Projects per year
Sudden stratospheric warmings (SSWs) are associated with episodes of extreme winter weather, often leading to significant societal impacts. Using observations alone, it is hard to quantify the SSW impact on surface extreme weather, because the observational record only covers ∼40 events. Climate models provide an effective way to increase this sample size, potentially into 1000s of events, but only if we trust that they capture SSW processes well. We evaluate the representation of stratosphere-troposphere coupling associated with SSWs in 10 models from the sixth Coupled Model Intercomparison Project (CMIP6). In general, the models and the reanalysis have different patterns of tropospheric precursors, but similar stratospheric responses to precursors. The individual CMIP6 models capture the main spatial features of surface impact: A negative phase of the Northern Annular Mode (NAM), with distinctive alternating positive and negative temperature anomalies across the northern hemisphere. We assess the time evolution of SSW surface impacts for individual models over different regions and construct an overview of how well each model captures surface impacts. Models perform particularly well in simulating the surface impact evolution over the Baffin Bay and Siberia regions. Over the United States, Northwest Europe, and the Middle East, there is less agreement among models. Models underestimate the magnitude of temperature anomalies associated with SSWs over the Middle East and over the Eastern Seaboard of North America, but the magnitude of the circulation responses are comparable with reanalysis.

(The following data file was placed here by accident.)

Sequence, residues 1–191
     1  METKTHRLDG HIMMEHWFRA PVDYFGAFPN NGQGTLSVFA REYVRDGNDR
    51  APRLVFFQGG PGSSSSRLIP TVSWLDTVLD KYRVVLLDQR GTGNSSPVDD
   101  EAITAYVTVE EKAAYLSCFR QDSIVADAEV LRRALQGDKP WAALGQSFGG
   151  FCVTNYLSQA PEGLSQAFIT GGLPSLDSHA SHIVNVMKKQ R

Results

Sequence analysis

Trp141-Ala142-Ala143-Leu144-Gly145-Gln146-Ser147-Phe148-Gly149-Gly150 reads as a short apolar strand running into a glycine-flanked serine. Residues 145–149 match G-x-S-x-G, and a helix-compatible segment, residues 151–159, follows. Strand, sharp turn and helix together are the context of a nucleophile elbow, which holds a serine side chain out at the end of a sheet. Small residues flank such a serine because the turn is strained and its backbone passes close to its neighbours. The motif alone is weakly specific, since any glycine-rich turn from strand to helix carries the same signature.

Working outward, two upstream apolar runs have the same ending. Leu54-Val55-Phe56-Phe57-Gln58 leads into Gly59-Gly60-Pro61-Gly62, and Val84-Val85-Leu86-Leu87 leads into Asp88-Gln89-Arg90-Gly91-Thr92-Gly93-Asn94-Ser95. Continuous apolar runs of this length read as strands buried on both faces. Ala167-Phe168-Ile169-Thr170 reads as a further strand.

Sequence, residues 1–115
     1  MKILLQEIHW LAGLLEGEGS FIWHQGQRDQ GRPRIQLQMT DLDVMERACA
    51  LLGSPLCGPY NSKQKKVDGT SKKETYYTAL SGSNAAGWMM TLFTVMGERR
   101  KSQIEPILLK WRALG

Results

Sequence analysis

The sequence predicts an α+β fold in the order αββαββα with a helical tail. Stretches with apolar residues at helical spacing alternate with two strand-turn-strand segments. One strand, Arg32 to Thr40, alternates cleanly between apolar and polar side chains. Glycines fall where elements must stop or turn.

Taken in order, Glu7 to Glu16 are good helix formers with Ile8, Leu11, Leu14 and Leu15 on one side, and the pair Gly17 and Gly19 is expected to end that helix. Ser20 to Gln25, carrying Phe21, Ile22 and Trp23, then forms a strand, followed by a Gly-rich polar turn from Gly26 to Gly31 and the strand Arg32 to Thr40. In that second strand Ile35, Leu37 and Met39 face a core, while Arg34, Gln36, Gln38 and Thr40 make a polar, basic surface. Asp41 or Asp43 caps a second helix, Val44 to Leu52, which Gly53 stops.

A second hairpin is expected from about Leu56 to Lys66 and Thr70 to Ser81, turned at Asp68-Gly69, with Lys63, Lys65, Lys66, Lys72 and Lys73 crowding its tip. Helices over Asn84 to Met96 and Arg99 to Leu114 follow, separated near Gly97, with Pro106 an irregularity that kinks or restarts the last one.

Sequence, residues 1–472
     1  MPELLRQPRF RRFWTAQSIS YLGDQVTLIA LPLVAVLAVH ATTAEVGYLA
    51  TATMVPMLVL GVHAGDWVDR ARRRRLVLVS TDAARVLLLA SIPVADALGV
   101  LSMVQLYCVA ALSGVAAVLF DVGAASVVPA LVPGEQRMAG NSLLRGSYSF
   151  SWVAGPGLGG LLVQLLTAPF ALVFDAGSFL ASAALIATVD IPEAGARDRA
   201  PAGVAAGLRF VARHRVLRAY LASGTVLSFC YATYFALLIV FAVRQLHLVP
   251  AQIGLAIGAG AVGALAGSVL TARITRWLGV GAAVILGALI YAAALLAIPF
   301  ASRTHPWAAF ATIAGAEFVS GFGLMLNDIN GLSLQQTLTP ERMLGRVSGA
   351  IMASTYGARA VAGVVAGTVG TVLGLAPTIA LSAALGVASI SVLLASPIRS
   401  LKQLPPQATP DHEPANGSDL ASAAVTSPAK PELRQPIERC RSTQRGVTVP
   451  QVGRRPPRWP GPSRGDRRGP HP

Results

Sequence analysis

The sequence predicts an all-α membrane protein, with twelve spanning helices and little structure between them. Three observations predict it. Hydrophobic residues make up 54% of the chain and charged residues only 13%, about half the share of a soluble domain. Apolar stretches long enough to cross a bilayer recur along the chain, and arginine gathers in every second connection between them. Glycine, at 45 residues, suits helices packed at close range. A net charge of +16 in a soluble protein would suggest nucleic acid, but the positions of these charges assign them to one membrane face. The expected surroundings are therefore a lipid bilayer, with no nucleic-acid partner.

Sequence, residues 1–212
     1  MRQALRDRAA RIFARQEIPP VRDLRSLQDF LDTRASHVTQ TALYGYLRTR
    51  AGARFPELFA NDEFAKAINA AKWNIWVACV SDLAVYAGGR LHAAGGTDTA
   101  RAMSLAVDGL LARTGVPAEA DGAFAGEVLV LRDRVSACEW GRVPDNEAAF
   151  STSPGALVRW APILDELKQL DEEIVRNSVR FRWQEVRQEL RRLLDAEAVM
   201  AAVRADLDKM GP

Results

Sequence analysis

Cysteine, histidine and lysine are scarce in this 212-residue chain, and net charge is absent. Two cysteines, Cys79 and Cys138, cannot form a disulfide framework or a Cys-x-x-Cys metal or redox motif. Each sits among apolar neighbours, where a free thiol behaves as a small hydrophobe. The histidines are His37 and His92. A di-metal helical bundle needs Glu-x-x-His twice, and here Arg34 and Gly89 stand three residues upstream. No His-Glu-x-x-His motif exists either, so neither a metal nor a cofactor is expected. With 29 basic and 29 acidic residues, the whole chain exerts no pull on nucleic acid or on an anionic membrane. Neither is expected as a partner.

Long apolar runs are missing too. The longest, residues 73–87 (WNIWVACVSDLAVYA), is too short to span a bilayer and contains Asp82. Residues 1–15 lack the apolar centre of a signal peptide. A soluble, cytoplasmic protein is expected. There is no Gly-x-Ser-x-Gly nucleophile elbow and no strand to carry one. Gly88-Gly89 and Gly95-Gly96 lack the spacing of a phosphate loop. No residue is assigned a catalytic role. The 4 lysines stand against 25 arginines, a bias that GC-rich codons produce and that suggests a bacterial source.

- CMIP6 models
- stratosphere-troposphere coupling
- sudden stratospheric warmings
- surface impacts
ASJC Scopus subject areas
- Atmospheric Science
- Earth and Planetary Sciences (miscellaneous)
- Space and Planetary Science
FingerprintDive into the research topics of 'How Well Are Sudden Stratospheric Warming Surface Impacts Captured in CMIP6 Climate Models?'. Together they form a unique fingerprint.
- 1 Finished
1/07/19 → 31/03/23
Project: Research council